Taking care of business doesn’t start or end with believing people are basically trustworthy. You will see this as you consume another six pack.
Conscientiously work at being truly trustworthy.
The first slot in this six pack is for trust; but the question isn’t, “Who do you trust?” It isn’t, “Who trusts you?” either, since even world-class scoundrels likely are trusted sometimes by someone. The question is, “Is there any good reason why anyone should trust you?”
Now that gives it a whole new perspective. You say, “You can trust me; you have my word on it.” Well, okay, but so what? Seeing is believing, show me, talk is cheap, time will tell, and all that. Your being trustworthy isn’t one of those things you can just proclaim and think that is the end of it. It’s not something you tell people about you; it’s a judgement other people make about you. As one or another of those very wise souls puts it, Your reputation is created when you are not there.
Be candid, every time, with everyone.
The next slot is reserved for being candid. Actually, it’s a double slot, with being trustworthy and being candid sitting side-by-side, since you can’t have one without the other.
Consider someone who is blunt, direct, frank, and straight forward. There is someone who is candid, sure enough. Got the picture? Okay, erase that picture and consider someone who is neither blunt, direct, frank, nor straight forward. Is this someone you are going to trust? Not likely!
Now picture someone who is authentically candid and who combines their candor with trustworthiness, genuine sincerity, and a liberal splash of sensitivity. Wow! there is someone who is truly exceptional.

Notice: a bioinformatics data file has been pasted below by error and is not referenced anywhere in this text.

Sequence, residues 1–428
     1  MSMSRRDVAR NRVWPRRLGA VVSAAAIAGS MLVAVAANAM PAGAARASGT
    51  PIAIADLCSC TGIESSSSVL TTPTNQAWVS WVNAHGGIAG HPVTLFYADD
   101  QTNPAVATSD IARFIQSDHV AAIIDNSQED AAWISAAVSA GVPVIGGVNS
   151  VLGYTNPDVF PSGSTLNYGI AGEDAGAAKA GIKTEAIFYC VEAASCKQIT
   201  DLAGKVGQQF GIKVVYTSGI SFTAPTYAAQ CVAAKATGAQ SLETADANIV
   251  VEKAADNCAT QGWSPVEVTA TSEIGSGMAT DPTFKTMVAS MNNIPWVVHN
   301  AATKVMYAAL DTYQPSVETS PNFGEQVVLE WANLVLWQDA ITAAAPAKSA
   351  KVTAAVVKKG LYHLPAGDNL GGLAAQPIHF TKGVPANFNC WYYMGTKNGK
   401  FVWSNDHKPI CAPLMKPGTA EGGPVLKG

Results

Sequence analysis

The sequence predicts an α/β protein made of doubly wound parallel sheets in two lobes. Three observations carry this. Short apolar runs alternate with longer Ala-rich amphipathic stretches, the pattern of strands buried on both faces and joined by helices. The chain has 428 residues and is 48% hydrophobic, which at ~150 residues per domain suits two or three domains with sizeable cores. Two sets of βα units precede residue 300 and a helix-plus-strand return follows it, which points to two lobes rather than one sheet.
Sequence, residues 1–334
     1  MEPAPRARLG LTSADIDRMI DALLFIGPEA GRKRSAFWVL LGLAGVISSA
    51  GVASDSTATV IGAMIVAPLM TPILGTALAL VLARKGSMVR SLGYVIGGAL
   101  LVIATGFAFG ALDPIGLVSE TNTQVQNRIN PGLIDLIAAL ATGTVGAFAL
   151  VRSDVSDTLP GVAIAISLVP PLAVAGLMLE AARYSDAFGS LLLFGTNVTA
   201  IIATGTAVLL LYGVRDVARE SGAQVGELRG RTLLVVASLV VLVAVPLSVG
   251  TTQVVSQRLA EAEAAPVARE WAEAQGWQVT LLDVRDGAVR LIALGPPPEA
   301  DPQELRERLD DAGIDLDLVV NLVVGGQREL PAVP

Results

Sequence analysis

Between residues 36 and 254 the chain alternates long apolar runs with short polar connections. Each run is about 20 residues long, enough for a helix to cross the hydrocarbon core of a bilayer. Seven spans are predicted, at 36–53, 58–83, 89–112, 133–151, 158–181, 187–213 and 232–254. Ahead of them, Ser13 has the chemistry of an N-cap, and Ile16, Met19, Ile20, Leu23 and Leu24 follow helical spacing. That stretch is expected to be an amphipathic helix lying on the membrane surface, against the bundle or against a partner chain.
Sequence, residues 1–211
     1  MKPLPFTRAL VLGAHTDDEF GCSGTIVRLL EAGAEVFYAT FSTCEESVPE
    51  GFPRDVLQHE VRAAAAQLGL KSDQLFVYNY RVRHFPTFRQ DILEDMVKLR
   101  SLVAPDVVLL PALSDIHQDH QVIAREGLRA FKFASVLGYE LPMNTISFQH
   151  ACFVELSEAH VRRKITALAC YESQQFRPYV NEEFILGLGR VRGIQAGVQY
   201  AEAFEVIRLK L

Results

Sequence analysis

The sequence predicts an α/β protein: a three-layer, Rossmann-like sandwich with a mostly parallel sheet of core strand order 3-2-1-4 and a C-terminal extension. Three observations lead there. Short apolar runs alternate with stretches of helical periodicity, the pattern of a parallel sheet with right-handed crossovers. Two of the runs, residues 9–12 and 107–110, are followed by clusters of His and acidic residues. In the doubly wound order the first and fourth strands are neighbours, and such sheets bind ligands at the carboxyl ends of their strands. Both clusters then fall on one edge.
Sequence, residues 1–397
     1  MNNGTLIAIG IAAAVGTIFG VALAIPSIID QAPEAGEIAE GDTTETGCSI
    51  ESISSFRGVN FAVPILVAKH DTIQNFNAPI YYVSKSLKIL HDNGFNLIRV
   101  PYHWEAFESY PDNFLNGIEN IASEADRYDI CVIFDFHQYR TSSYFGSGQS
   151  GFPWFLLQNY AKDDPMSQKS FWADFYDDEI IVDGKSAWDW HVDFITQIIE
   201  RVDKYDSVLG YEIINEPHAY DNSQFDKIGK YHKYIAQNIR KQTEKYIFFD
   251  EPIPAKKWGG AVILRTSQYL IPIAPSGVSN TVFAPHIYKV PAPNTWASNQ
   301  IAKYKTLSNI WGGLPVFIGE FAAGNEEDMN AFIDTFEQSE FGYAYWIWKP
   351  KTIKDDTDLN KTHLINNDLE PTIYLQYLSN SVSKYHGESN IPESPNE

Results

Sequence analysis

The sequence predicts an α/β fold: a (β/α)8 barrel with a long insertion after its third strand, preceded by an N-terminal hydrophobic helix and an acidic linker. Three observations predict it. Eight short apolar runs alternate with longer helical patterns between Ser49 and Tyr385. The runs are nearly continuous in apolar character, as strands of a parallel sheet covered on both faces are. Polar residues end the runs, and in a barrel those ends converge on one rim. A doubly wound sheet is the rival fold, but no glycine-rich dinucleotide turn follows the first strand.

Take care of business by focusing on business.
Being focused fills the next slot in this six pack. Taking care of business can get very complex and complicated; and if you don’t stay focused, it will soon be all she wrote, as they say. While you are in the heat of the game, though, it’s not enough to simply keep your eye on the ball. You have to keep it on the other players too; and since they have all got balls of their own, you also keep your eye on their balls. The super-stars at taking care of business are the players who have the uncanny ability to focus on their ball, the other players, and the other players’ balls simultaneously — or at least that is how it looks to the unsophisticated observer. Strictly on a “from my mouth to your ear” basis, it ain’t necessarily so. The high flyers have mastered a secret technique. They only focus on one ball or one player at a time and never on a player and a ball at the same time. Now, that is focus! but there is more.
Players ready for the first-string can predict from other player’s moves where their balls are going; and since they know where all the balls are headed, they don’t have to know where other players or their balls actually are. Do you get it? You don’t keep track of or worry about other players. The key to taking care of business is keeping focus on the balls and knowing where yours is in relation to where the other balls will end up.
If you don’t quite get it yet, focus on your ball, your business. Next, locate the other balls in the game and predict where they are going. Your objective is to move your ball in relation to where the other balls are headed. Focusing on the other players in the game, including those on your team, only serves your interest in knowing where the other balls will most likely end up so you can keep your ball where you need it to be: headed toward your goal. If you now see being focused means you attend to all the balls and all the players, one ball at a time and one player at a time, you’ve got it.